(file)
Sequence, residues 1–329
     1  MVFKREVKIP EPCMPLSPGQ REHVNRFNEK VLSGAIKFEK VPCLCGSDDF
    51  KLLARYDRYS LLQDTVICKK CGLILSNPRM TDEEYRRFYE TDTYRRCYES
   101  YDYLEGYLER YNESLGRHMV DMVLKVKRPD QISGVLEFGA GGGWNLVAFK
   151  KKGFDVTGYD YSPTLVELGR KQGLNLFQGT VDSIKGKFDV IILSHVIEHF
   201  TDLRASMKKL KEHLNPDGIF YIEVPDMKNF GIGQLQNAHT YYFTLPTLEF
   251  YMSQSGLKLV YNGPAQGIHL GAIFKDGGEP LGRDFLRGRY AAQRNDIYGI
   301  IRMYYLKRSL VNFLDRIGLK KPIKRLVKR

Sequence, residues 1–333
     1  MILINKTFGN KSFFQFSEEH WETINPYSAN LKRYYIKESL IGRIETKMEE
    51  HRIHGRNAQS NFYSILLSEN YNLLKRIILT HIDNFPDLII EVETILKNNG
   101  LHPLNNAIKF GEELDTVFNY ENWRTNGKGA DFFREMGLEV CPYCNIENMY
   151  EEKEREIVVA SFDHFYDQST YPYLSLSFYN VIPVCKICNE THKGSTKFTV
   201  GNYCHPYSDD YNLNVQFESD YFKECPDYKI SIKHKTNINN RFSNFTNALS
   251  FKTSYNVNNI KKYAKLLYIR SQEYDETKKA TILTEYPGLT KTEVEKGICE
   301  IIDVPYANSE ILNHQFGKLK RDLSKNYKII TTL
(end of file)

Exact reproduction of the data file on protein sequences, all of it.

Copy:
Sequence, residues 1–329
     1  MVFKREVKIP EPCMPLSPGQ REHVNRFNEK VLSGAIKFEK VPCLCGSDDF
    51  KLLARYDRYS LLQDTVICKK CGLILSNPRM TDEEYRRFYE TDTYRRCYES
   101  YDYLEGYLER YNESLGRHMV DMVLKVKRPD QISGVLEFGA GGGWNLVAFK
   151  KKGFDVTGYD YSPTLVELGR KQGLNLFQGT VDSIKGKFDV IILSHVIEHF
   201  TDLRASMKKL KEHLNPDGIF YIEVPDMKNF GIGQLQNAHT YYFTLPTLEF
   251  YMSQSGLKLV YNGPAQGIHL GAIFKDGGEP LGRDFLRGRY AAQRNDIYGI
   301  IRMYYLKRSL VNFLDRIGLK KPIKRLVKR

Sequence, residues 1–333
     1  MILINKTFGN KSFFQFSEEH WETINPYSAN LKRYYIKESL IGRIETKMEE
    51  HRIHGRNAQS NFYSILLSEN YNLLKRIILT HIDNFPDLII EVETILKNNG
   101  LHPLNNAIKF GEELDTVFNY ENWRTNGKGA DFFREMGLEV CPYCNIENMY
   151  EEKEREIVVA SFDHFYDQST YPYLSLSFYN VIPVCKICNE THKGSTKFTV
   201  GNYCHPYSDD YNLNVQFESD YFKECPDYKI SIKHKTNINN RFSNFTNALS
   251  FKTSYNVNNI KKYAKLLYIR SQEYDETKKA TILTEYPGLT KTEVEKGICE
   301  IIDVPYANSE ILNHQFGKLK RDLSKNYKII TTL